2) ECO422H1F Special Topics in Economics: Competition Policy

The primary objective of this course is to provide a systematic analysis of economic issues in competition policy. This will include analysis of economic theory of antitrust as well as applications in policy documents and cases.

ECO200Y1/ECO204Y1/ECO206Y1; ECO220Y1/ECO227Y1/ (STA220H1, STA255H1)/(STA257H1, STA261H1); At least one FCE in ECO at the 300 level or higher.

Wednesday 9-12 ( tentative) ; Online Synchronous; Lectures and tutorials will be delivered online as per the timetable meeting schedule. Discussion is an integral part of the course.

3) ECO421H1S (Macroeconomic Finance (with machine learning applications)), L0101

The course will aim to study certain topics in macro-finance, specifically those related to the notion of risks (aggregate and individual), to uncertainty and to financial assets, more precisely intangible assets. Since there is a growing trend of applications of Machine Learning (ML) in this area, we will see some of them during the course. To do this, there will be an introductory part to ML which will take the form of a coding course with an intuitive approach to the techniques. This will allow students to have the basics related to ML and possibly prepare them for more in-depth courses at the graduate level.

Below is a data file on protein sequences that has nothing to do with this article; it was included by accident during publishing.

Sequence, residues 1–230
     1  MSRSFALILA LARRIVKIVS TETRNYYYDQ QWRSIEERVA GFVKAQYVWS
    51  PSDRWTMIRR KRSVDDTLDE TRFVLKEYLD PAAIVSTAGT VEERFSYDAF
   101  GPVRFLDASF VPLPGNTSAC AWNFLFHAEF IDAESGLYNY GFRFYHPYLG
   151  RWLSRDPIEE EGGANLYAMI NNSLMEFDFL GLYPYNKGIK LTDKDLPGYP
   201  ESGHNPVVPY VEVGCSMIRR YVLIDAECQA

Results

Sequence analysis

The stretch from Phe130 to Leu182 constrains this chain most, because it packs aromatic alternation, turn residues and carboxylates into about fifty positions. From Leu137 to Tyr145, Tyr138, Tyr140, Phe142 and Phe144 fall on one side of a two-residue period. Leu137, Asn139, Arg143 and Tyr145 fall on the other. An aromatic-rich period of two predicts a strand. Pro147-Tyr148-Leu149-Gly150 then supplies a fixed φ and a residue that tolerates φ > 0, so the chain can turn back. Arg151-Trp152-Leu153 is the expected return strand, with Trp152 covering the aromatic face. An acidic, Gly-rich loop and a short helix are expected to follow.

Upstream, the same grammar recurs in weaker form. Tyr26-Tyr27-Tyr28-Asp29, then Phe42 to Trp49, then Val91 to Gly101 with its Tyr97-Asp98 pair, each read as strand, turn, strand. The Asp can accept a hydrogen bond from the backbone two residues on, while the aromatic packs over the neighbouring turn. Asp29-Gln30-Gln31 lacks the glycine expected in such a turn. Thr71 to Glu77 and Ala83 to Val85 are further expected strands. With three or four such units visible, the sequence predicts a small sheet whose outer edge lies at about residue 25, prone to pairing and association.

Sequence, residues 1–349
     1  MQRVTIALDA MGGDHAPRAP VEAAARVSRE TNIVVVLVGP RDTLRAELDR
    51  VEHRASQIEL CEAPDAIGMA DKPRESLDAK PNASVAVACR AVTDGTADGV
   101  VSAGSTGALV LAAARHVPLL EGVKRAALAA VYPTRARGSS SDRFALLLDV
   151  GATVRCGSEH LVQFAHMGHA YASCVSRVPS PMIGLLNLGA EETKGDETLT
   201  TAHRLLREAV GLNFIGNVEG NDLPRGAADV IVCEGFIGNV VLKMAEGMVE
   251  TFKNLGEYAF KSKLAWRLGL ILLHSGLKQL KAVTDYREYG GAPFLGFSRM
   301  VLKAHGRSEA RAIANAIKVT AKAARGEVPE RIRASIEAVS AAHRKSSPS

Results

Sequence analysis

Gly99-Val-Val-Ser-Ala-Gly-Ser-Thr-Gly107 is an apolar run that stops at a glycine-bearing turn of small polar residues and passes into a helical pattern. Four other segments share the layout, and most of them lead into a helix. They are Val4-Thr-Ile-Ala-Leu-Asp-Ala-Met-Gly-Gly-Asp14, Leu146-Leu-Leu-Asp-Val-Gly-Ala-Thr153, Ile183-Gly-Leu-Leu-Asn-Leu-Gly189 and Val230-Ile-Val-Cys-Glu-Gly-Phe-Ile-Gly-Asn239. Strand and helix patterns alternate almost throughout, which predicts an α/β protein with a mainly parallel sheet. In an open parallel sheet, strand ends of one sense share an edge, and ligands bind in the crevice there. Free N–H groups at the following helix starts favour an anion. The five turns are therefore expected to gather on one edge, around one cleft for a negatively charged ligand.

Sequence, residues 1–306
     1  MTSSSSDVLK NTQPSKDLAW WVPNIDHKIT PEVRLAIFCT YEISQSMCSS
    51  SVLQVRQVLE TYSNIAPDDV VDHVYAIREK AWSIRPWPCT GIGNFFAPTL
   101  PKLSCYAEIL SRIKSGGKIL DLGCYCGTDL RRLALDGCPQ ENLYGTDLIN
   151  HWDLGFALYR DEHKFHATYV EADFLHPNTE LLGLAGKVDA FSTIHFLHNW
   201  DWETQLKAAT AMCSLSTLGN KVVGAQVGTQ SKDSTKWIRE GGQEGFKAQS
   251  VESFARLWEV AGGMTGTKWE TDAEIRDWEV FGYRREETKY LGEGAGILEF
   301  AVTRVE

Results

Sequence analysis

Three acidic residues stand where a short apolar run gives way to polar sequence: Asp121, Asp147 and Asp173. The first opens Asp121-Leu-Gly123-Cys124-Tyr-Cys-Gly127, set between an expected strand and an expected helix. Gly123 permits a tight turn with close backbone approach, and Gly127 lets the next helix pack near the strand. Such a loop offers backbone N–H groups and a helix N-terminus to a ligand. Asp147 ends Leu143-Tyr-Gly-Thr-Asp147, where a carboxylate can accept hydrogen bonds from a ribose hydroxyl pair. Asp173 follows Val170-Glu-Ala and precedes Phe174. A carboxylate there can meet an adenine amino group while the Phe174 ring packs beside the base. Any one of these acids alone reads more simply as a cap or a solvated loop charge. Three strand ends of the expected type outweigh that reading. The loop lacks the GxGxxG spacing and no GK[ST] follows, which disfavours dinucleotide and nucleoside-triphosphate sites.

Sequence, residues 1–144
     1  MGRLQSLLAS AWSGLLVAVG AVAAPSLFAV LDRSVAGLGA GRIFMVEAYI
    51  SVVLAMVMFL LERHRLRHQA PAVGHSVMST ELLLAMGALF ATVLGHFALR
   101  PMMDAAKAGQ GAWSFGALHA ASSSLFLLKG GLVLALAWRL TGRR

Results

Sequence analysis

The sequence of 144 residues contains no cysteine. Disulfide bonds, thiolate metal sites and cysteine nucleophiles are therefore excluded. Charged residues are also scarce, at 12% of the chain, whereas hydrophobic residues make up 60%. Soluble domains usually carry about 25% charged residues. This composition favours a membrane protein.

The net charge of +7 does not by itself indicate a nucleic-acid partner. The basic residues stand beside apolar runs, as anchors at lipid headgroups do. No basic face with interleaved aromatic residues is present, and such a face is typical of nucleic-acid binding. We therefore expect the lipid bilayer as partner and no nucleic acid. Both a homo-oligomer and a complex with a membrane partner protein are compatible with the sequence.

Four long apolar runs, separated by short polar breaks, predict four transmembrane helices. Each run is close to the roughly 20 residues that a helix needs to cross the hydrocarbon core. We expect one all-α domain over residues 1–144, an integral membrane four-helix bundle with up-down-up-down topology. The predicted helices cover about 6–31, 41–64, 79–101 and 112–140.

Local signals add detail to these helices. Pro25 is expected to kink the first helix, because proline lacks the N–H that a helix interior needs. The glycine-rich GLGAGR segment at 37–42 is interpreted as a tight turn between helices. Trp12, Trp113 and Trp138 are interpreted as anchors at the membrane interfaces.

ECO200Y1/ECO204Y1/ECO206Y1; ECO202Y1/ECO208Y1/ECO209Y1; ECO220Y1 / ECO227Y1/ (STA220H1, STA255H1)/ (STA257H1, STA261H1); At least one FCE in ECO at the 300 level or higher.

Wednesday 2-5pm ( tentative)

Please note: all the letcure time are tentative and refer to the official timetable for schedule and delivery notes.

Course Match

We are offering pre-enrolment for some 400-level ECO courses for Fall-Winter 2020-21, for fourth-year students who have not yet fulfilled the 400-level Economics program requirement.   The purpose of this pre-enrolment process is to ensure that students who require one or two 400-level courses for program completion are better able to enrol in a course.   If you qualify for Course Match, you will receive an email from the Undergraduate Office in early June.  For more information, see Economics: Course Match.